IRS: Tax breach much worse than originally thought

The cyberattack on U.S. taxpayer data reported by the Internal Revenue Service earlier this year now appears to be much worse than originally thought, the agency announced Monday, with as many as 300,000 citizens now believed to be potential victims.

The cyberattack on U.S. taxpayer data reported by the Internal Revenue Service earlier this year now appears to be much worse than originally thought, the agency announced Monday, with as many as 300,000 citizens now believed to be potential victims.

Whereas in May the IRS reported that sensitive information of about roughly 100,000 taxpayers had been stolen by thieves through its "Get Transcript" online application, its latest estimates more than double that number. It's now believed that the thieves potentially gained access to more than 300,000 taxpayer accounts after attempting to breach more than 600,000.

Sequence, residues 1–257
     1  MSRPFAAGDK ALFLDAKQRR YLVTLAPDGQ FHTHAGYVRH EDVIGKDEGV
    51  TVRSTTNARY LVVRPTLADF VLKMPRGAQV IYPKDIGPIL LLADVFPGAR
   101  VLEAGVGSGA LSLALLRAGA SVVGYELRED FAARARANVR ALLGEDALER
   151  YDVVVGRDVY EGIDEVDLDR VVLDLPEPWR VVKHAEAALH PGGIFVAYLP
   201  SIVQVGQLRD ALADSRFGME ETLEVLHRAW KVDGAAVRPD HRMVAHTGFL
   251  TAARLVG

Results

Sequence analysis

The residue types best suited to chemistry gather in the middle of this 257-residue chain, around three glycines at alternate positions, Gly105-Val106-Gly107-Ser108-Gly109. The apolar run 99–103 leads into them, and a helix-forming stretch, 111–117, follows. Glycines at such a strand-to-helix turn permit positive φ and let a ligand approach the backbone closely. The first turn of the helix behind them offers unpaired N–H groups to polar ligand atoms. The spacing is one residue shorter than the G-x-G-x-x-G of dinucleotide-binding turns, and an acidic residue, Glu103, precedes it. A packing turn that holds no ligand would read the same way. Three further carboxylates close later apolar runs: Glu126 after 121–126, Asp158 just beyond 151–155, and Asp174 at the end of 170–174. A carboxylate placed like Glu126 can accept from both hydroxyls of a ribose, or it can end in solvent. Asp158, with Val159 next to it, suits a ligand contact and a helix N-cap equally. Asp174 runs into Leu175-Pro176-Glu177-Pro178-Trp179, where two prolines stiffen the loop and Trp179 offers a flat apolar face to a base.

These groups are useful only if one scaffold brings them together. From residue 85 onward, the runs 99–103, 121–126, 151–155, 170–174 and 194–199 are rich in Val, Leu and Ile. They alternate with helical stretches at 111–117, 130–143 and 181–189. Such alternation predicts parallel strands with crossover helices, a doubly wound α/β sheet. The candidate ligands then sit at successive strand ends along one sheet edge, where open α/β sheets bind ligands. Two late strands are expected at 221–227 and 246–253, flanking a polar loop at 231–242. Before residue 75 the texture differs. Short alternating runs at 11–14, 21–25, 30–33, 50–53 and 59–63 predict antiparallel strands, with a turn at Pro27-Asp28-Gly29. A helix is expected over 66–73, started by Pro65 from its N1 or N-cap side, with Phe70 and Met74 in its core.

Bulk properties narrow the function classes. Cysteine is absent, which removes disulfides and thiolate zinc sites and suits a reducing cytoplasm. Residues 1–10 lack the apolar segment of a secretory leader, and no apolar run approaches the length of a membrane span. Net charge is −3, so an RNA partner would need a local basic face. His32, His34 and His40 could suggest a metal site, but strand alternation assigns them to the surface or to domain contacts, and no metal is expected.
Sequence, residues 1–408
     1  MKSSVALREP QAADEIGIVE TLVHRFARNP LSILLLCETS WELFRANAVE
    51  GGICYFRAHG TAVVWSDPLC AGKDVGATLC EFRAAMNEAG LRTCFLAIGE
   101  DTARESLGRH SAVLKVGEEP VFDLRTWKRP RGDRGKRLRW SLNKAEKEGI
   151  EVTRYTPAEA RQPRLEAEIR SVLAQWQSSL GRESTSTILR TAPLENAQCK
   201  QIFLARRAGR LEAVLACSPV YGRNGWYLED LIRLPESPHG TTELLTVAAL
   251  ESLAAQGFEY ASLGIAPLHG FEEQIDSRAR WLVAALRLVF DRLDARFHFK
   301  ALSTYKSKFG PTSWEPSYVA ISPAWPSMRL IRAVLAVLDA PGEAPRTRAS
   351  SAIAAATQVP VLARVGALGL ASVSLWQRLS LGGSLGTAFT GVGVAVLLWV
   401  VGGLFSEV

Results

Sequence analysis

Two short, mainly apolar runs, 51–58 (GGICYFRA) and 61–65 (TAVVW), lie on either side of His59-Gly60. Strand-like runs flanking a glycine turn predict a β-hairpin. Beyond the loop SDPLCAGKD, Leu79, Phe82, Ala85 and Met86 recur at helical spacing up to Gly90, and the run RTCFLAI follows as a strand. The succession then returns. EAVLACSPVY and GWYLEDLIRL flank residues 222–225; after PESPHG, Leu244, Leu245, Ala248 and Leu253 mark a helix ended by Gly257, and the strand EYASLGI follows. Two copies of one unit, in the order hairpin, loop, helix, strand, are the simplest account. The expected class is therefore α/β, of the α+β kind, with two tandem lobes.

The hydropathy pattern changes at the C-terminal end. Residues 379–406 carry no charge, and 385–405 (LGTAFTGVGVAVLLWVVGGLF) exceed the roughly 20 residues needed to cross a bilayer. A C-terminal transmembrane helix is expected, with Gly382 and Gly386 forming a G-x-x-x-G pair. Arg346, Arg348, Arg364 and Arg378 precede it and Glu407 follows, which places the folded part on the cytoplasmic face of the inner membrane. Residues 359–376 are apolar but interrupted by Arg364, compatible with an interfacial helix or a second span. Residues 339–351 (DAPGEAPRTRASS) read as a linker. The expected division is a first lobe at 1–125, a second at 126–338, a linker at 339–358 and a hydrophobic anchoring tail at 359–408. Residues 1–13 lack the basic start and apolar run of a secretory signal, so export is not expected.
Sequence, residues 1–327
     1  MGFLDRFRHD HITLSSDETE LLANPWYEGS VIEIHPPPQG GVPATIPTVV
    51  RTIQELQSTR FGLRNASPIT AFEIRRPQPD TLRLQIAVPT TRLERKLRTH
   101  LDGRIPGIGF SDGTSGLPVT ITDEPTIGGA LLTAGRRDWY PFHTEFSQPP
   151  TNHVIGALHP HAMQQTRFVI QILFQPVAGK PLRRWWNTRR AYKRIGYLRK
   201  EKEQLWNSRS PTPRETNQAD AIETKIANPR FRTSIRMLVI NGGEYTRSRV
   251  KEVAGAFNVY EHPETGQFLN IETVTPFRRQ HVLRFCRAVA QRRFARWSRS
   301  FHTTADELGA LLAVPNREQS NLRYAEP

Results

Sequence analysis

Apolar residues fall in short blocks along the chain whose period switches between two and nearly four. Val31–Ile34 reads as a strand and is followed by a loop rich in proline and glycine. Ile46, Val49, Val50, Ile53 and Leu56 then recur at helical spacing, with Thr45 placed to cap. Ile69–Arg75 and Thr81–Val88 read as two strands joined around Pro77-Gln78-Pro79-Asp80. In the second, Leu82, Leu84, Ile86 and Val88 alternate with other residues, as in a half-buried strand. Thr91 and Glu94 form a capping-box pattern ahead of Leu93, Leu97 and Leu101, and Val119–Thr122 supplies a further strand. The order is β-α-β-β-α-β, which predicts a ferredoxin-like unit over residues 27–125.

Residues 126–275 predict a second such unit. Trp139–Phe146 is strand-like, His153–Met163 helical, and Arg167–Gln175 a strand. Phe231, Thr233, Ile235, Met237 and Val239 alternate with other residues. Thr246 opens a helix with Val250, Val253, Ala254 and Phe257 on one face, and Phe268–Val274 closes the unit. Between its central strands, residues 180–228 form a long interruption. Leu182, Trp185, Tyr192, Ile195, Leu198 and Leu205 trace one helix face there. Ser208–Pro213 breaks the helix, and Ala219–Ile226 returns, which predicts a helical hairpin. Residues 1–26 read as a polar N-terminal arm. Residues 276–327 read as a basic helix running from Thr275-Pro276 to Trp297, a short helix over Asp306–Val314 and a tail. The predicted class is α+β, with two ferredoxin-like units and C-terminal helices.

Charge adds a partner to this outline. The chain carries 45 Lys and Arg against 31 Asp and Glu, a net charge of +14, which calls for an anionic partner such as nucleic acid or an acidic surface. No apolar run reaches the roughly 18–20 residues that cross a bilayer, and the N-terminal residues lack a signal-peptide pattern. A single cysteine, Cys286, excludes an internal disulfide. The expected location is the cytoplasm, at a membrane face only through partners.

To gain access to the information, the thieves first stole information including Social Security details, dates of birth and street addresses from an outside, non-IRS source. They then used that information to clear a multistep authentication process in the app and access personal tax data on the IRS site.

The Get Transcript app was shut down in May.

In the next few days, the IRS will begin notifying the 220,000 or so newly affected taxpayers. It will also send notifications to approximately 170,000 other households whose personal information could be at risk even though the thieves apparently failed in their efforts to access it through the IRS system.

The IRS is offering free credit protection and "Identity Protection PINs" to those affected.

“The IRS takes the security of taxpayer data extremely seriously," the agency said. "We are working to continue to strengthen security for `Get Transcript,’ including by enhancing taxpayer-identity authentication protocols.”

The breach remains under review by the Treasury Inspector General for Tax Administration as well as the IRS Criminal Investigation unit.

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